Another Christian church in Jerusalem was vandalized by spray-painted death threats and vulgar remarks against Christianity Sunday night, in what is being described by police as another "price tag" attack by Jewish extremists.
"Death to Christianity," "Mary was a prostitute," and "We will crucify you" were found graffitied at the Narkis Street Baptist Congregation on Sunday, believed to be the latest "price tag" attacks by extremist Jews protesting non-Jewish settlements and communities being built in the area.
The extremists have targeted Muslims as well – two weeks ago both a Christian monastery and a peace school in Jerusalem set up to improve ties between Arab and Jewish children were reportedly targeted by Jewish extremists. The vandals wrote hate speech on the facilities' walls in separate incidents, calling for the death of Christians and a "holocaust" for Arabs.
It is possible that the latest incident was not done by the exact same group of people, Jerusalem police shared with Haaretz.com. Copycats who sympathize with the message and want to terrorize Christians in the city may actually be responsible.
"It's intolerably easy," one senior Jerusalem police officer said. "Any child can take a spray can and spray it, and people know it will be broadcast. Not every case is really nationalistic."
Faith-based attacks have been increasing in regularity in recent months, however, and the Haaretz report highlighted such cases, like the torching of cars belonging to Arab residents of Jerusalem's Kiryat Moshe neighborhood; spray-painting of slogans on a Christian cemetery on Mount Zion; threats graffitied at Peace Now's office in the capital; and an arson attack on an ancient mosque in the city's Geula neighborhood.
"It's almost impossible to pass through Jaffa Gate without this happening," a senior Armenian priest at one Jerusalem church said, sharing that Christians, especially priests, who pass by the Jewish quarter of the city are spat on almost daily. The spitting has apparently become so prevalent that some priests have simply stopped going to certain parts of the Old City.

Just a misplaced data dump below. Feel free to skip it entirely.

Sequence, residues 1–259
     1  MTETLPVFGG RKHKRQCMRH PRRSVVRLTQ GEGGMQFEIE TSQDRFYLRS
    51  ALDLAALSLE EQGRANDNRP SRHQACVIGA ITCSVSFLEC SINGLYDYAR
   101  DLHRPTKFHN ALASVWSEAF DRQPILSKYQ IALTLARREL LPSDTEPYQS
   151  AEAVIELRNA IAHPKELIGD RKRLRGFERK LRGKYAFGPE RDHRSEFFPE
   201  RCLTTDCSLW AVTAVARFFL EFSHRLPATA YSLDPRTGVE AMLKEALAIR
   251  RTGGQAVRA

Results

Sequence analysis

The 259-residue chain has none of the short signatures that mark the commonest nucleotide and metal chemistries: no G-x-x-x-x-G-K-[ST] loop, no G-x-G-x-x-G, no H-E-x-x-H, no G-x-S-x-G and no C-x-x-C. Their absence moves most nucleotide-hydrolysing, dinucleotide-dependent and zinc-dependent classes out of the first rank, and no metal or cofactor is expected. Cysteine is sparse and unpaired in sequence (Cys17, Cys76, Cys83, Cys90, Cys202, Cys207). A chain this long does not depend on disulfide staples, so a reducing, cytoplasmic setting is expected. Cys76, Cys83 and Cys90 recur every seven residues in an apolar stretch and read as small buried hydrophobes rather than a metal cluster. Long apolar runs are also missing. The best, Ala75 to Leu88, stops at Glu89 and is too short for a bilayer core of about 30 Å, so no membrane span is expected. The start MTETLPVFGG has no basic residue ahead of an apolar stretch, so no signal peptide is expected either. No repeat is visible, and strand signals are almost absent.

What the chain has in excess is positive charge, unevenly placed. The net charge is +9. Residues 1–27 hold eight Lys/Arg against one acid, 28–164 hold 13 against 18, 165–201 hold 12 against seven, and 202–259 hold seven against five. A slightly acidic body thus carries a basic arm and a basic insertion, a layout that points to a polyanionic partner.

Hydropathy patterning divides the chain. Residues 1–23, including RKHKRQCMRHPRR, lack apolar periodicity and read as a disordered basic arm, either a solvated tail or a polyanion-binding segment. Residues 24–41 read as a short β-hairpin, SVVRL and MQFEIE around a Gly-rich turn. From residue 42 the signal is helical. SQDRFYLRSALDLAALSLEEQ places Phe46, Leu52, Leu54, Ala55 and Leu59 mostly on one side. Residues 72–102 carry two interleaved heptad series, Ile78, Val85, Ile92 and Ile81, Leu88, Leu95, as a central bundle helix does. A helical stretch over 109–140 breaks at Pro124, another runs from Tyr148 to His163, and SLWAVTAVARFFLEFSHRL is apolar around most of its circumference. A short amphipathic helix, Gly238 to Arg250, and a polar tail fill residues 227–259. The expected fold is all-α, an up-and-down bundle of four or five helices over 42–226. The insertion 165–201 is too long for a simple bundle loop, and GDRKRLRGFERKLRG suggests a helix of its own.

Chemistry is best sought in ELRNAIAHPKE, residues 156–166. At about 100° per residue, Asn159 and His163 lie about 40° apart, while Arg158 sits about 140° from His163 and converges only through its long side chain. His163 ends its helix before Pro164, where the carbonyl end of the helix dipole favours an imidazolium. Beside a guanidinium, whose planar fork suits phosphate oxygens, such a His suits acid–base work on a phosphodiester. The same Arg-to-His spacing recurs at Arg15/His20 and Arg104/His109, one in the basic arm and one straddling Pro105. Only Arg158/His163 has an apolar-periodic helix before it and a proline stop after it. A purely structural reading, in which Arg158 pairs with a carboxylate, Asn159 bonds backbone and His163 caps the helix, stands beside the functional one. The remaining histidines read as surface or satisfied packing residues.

The Narkis Street Baptist Congregation's pastor, Charles Kopp, also expressed sadness that houses of worship are targeted in such a way.
"It hurts us that anyone could even think we deserve such treatment. They don't know us, but they apparently oppose anyone who doesn't identity with them. I wish them well; I have no desire for revenge," he said – the church was torched in 1982 and again in 2007, Haaretz revealed.
Jewish church leaders, however, have largely condemned the attacks on Christians in Jerusalem and affirmed their solidarity with the vandalized churches.
"The rabbi and cantor from the synagogue across the street came the same day [as the vandalism] with a huge bouquet of flowers and a note of solidarity and friendship," Kopp said. "Another Israeli lady came in with flowers and when I asked if she was also a neighbor, she said no, she was just a concerned Israeli citizen. There has been much outpouring of solidarity and friendship from Israelis."
Christian leaders in Jerusalem and an Israeli government representative gathered at the Baptist church on Tuesday, Israel Today reported, and discussed ways of moving forward together.
"You have extremists everywhere, but Israel has consistently stood with its minorities," said Herbby Geer, the official Southern Baptist Convention representative in Israel. "We know that there is a 'price tag' for standing for what we believe, and we know that most Israelis want us to be who we are."